Stronger gun laws not the answer

By Raynard Jackson
(NNPA Newswire Columnist)

Here we go again. Another school massacre and another overreaction by liberals who want to play politics with the Second Amendment.
On Valentine’s Day, 17 students were murdered by a former classmate at Marjory Stoneman Douglas High School in Parkland, Florida, a small community west of Boca Raton. As tragic as the murders were, sometimes I am confused by the way people
react to tragedies. In the after math of a mass shooting, many people want the government to immediately pass new gun control laws.
The hard truth is that there is nothing the government can do to protect you from tragedies like the horrific massacre in Parkland.
Tragedy, by definition is, “an event causing great suffering, destruction, and distress, such as a serious accident, crime, or natural catastrophe.”
Sometimes good people are beset by tragedies, randomly and without warning.
If you ban guns, do you really think violent tragedies will go away? One need look no further than Japan to nd the answer. In Japan, it is illegal to possess, carry, sell or buy guns. So, it is extremely rare, if ever, for a shooting death to occur there.
For example, in 2014, Japan had six gun related deaths compared to 33,599 in the U.S.
In 2016, however, 19 people were killed and 26 injured in a stabbing massacre in Tokyo, which was Japan’s deadliest mass killing since World War II. In 2008, a man ran over a group of people with his truck and then stabbed 18, killing seven in Tokyo’s Akihabara gaming district. In 2001, eight children were killed when a former employee entered an elementary school in Osaka and stabbed them to death.
So, the point is that even if guns were outlawed in the U.S., a person determined to commit an act of violence will always nd a weapon of choice to unleash their diabolical schemes.
Irresponsible mainstream media outlets take advantage of these crises, broadcasting the anguish and misery of distraught family members to boost their ratings. As they say, “If it bleeds, it leads.”
Let’s game out one of the liberal arguments that outlawing guns is the solution to these mass shootings, that seem to happen with more frequency.
So, Japan has outlawed guns. Now, killers in that country use knives and cars to in ict massive carnage upon their fellow citizens.
If the U.S. outlawed guns and preemptively banned, let’s say, ice picks and utility knives, then individuals who are committed to killing other people will simply use whatever else they can get their hands on. Cars and trucks might become the weapons of choice. Should we ban them too? If we go down that road, where will it end?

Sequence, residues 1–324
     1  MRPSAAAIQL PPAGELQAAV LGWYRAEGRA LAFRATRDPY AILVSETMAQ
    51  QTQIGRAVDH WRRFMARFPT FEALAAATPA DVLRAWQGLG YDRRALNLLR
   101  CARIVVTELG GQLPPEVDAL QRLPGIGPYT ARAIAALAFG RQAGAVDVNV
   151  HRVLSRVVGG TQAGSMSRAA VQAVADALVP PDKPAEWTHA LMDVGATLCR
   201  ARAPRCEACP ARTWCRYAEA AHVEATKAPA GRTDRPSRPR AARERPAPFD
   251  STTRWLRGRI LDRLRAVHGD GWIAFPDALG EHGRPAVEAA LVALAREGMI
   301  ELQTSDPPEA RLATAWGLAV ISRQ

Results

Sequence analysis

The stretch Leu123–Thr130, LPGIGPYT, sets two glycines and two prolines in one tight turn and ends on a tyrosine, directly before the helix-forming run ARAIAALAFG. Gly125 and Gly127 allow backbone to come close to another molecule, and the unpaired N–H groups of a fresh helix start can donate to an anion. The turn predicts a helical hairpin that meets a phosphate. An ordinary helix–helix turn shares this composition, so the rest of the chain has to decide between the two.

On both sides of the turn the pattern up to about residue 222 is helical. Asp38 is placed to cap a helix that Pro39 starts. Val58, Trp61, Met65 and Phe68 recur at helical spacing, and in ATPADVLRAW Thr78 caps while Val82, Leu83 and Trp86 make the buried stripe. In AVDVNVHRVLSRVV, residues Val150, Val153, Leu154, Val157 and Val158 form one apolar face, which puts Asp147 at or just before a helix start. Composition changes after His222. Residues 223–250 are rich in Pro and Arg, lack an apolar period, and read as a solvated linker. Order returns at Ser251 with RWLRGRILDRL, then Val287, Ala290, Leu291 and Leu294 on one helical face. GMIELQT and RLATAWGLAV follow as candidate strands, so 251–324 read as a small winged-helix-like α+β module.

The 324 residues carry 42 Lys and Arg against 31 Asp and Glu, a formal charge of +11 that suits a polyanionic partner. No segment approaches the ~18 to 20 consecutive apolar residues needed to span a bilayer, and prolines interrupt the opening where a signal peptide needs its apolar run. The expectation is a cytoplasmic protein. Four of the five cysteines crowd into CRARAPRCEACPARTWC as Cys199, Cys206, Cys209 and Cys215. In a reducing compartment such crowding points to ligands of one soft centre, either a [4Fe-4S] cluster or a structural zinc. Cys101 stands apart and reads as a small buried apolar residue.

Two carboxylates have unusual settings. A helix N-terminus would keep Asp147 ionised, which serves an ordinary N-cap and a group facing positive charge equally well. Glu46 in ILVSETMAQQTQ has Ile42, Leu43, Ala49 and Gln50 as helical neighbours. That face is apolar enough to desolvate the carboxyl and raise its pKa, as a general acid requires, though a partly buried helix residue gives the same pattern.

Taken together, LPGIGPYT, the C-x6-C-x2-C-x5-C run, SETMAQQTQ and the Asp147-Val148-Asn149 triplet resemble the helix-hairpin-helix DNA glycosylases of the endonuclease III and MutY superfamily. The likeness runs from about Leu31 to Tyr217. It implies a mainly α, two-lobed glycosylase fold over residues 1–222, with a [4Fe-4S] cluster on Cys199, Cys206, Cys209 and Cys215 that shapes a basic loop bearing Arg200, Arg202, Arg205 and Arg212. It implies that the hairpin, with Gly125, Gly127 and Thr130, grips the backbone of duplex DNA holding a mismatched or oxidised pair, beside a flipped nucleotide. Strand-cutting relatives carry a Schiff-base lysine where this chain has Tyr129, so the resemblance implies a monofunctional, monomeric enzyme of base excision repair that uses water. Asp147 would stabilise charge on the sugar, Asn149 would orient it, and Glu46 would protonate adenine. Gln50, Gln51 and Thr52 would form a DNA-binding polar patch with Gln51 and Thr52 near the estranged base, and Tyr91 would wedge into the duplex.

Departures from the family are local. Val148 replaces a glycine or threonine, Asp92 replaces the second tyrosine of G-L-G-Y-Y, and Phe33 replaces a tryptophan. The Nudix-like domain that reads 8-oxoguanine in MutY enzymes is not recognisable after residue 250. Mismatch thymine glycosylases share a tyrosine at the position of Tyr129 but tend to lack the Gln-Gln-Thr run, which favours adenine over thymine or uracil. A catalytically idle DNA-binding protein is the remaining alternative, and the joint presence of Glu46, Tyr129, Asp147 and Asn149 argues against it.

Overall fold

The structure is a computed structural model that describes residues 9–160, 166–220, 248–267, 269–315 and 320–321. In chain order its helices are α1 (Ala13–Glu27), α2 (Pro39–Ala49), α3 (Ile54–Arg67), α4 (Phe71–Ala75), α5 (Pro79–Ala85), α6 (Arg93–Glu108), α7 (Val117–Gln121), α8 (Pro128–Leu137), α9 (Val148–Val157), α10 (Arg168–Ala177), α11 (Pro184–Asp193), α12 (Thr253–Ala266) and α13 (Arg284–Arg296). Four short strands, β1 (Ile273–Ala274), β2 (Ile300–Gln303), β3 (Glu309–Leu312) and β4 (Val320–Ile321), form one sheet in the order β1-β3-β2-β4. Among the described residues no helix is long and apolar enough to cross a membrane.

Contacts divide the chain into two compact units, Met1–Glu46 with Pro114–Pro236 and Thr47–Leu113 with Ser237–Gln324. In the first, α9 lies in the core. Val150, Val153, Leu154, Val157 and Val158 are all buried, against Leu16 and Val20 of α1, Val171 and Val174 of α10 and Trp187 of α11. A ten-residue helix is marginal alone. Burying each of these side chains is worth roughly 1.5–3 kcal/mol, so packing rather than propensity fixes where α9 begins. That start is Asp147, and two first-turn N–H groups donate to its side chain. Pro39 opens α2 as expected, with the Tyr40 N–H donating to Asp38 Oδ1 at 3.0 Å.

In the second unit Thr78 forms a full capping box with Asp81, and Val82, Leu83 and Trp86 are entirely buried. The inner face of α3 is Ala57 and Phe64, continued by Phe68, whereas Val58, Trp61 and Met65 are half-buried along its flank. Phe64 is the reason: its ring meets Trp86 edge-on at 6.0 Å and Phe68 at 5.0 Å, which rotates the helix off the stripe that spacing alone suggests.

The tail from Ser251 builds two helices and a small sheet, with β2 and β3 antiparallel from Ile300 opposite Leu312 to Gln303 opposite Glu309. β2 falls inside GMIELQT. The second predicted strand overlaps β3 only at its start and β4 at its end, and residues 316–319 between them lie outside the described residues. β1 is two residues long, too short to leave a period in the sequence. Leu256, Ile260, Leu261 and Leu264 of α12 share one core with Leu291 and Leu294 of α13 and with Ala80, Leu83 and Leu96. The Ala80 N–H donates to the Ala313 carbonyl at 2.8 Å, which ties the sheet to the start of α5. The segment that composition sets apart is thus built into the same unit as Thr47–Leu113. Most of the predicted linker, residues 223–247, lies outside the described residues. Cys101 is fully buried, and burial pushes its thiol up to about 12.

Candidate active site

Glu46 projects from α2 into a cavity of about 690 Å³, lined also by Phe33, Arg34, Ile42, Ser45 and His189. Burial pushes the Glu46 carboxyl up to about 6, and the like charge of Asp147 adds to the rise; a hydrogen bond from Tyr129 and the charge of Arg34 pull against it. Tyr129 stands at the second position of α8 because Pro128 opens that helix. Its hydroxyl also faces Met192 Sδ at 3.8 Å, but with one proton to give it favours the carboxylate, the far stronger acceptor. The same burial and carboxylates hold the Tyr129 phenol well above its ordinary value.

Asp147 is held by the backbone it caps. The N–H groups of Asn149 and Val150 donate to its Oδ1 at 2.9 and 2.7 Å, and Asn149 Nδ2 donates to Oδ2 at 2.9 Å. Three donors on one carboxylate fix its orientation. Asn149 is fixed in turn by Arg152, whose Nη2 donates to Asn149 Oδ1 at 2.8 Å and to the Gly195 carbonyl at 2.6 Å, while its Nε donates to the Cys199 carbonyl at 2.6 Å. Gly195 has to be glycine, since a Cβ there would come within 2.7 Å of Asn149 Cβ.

What liberals refuse to address is the lack of values and morality in our society. Religion instills in a society a sense of right and wrong and demands some type of structure in our lives, but liber- als have run prayer out of our nation’s schools, and any mentions or references to God in the public square are ques- tioned, mocked or maligned.
Regardless of one’s religious beliefs, can anyone legitimately argue that the Ten Commandments are not good standards for any society to live by? Thou shalt not murder, lie, covet, etc.
In American society today, many people have bought into the notion that man, not God, is the measure of all things. There are no rules. No restraints. American society has cast the traditional nuclear family by the wayside. For liberals, normal is whatever you feel like doing at any given moment.
Liberal Hollywood elites, the most vociferous advocates for gun control, refuse to take responsibility for the violence and lack of morals that are constant themes in their movies and TV shows. Most of them won’t acknowledge the negative effects that their industry has on the minds of young people.
The result is generations of children who become desensitized to violence and mayhem, who then lash out in real life, without ever considering the repercussions of their actions.
These kids don’t wake up one day and decide to go on murderous rampages at their schools simply because someone picked on them during lunch or they experienced a bad breakup. We have all gone through that as teenagers and young adults and we got through it without killing and maiming dozens of our classmates.
What is different now? Today, it’s very hard to get teenagers and young adults to think critically about the world they live in. No one wants to accept personal responsibility for anything that happens in their lives; everyone gets a trophy; everything bad that happens to them is someone else’s fault.
The State of Florida and the FBI are going to spend millions of dollars trying to gure out why this kid killed students and faculty members at that school in Parkland. In reality, there are no simple solutions to most problems that we wrestle with as a society.
Unfortunately, sometimes bad things happen to good people, and banning guns won’t change that.
Raynard Jackson is founder and chairman of Black Americans for a Better Future (BAFBF).

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